Thailand quick to withdraw allegation that Cambodia had “made up” history to claim Preah Vihear
Defence spokesman’s claim that Cambodia marked boundary unilaterally deniedJanuary 26, 2008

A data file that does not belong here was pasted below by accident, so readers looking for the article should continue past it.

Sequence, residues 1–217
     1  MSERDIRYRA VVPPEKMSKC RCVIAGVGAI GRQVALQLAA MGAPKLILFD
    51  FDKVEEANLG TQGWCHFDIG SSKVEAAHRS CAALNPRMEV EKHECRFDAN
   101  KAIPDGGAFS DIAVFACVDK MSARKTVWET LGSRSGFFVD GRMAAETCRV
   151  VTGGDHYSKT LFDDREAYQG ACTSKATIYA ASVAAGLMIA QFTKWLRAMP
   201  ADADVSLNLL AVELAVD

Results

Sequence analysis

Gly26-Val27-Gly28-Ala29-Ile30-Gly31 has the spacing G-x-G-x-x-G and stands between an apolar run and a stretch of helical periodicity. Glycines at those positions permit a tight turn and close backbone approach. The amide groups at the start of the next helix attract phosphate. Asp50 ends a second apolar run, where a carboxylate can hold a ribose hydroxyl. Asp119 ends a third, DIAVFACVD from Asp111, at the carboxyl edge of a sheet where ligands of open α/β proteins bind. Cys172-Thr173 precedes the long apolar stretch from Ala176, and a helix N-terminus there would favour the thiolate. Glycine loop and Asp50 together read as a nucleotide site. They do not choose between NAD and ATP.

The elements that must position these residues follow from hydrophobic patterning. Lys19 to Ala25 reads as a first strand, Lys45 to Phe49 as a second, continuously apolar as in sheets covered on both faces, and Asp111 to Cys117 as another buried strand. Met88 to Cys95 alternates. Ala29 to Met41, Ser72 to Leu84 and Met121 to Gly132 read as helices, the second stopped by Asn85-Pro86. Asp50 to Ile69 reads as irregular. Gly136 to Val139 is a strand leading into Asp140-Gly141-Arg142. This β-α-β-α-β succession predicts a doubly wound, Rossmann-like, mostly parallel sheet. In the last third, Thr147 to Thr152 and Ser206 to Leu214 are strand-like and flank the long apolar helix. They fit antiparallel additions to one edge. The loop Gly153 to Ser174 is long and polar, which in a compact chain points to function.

The Nation (Thailand)“if [Cambodia and Thailand] failed to settle boundary disputes, Unesco might reject the listing proposal [for Preah Vihear as a World Heritage Site]” – Adul Vichianchareon, Thailand’s National World Heritage Committee chairmanThe Defence Ministry yesterday rushed to retract statements made by a spokesman that Cambodia had “made up” history in a bid to claim the Hindu temple of Preah Vihear for Phnom Penh’s unilateral benefit.Top brass were urgently calling counterparts across the border yesterday to clarify statements made on Thursday by ministry spokesman Lt-General Pichsanu Puchakarn.Preah Vihear is a sensitive issue between Thailand and Cambodia. It heated up early last year, when Thailand blocked Phnom Penh’s attempt to list it as a United Nations World Heritage site. Bangkok asserted Cambodian listing documentation claimed land in “overlapping areas”.The International Court of Justice ruled in June 1962 that the temple belonged to Cambodia, but access to the site is mainly via Thailand. Phnom Penh has recognised some overlapping areas, according an official at the Thai Foreign Ministry.The United Nations Educational, Scientific and Cultural Organisation (Unesco) agreed at a meeting in New Zealand in June last year to consider the heritage listing. It suggested Thailand and Cambodia jointly develop the site and agree on boundaries before a decision.Both countries concurred.The matter was at the heart of discussions between Thai Foreign Minister Nitya Pibulsonggram and his counterpart Hor Namhong in Phnom Penh in December.Cambodia praised Thailand for its offer of technical assistance in the restoration and maintenance of the ancient site.The military statement on Thursday was a surprise. Pichsanu said Cambodia had created a new boundary in order to claim sovereignty of the entire area and was campaigning for international support for this.He condemned Cambodia and demanded diplomats lodge an official protest with Phnom Penh.Yesterday the ministry changed its tune. Supreme Command civil-affairs chief Lt-General Plangkul Klahan and Foreign Ministry spokesman Tharit Charungvat said the previous day’s statement was incorrect.Anti-Thai sentiment is quick to emerge in Cambodia. Rioters set fire to the embassy in Phnom Penh in January 2003.Tharit said yesterday Thailand and Cambodia had agreed in 2000 to a joint boundary committee. No changes in the environment of the area will be made before boundary demarcation. “Both countries continue dialogue to find the best solution to listing the area as a World Heritage site,” he said.Thailand’s National World Heritage Committee chairman, Adul Vichianchareon, said that if they failed to settle boundary disputes, Unesco might reject the listing proposal.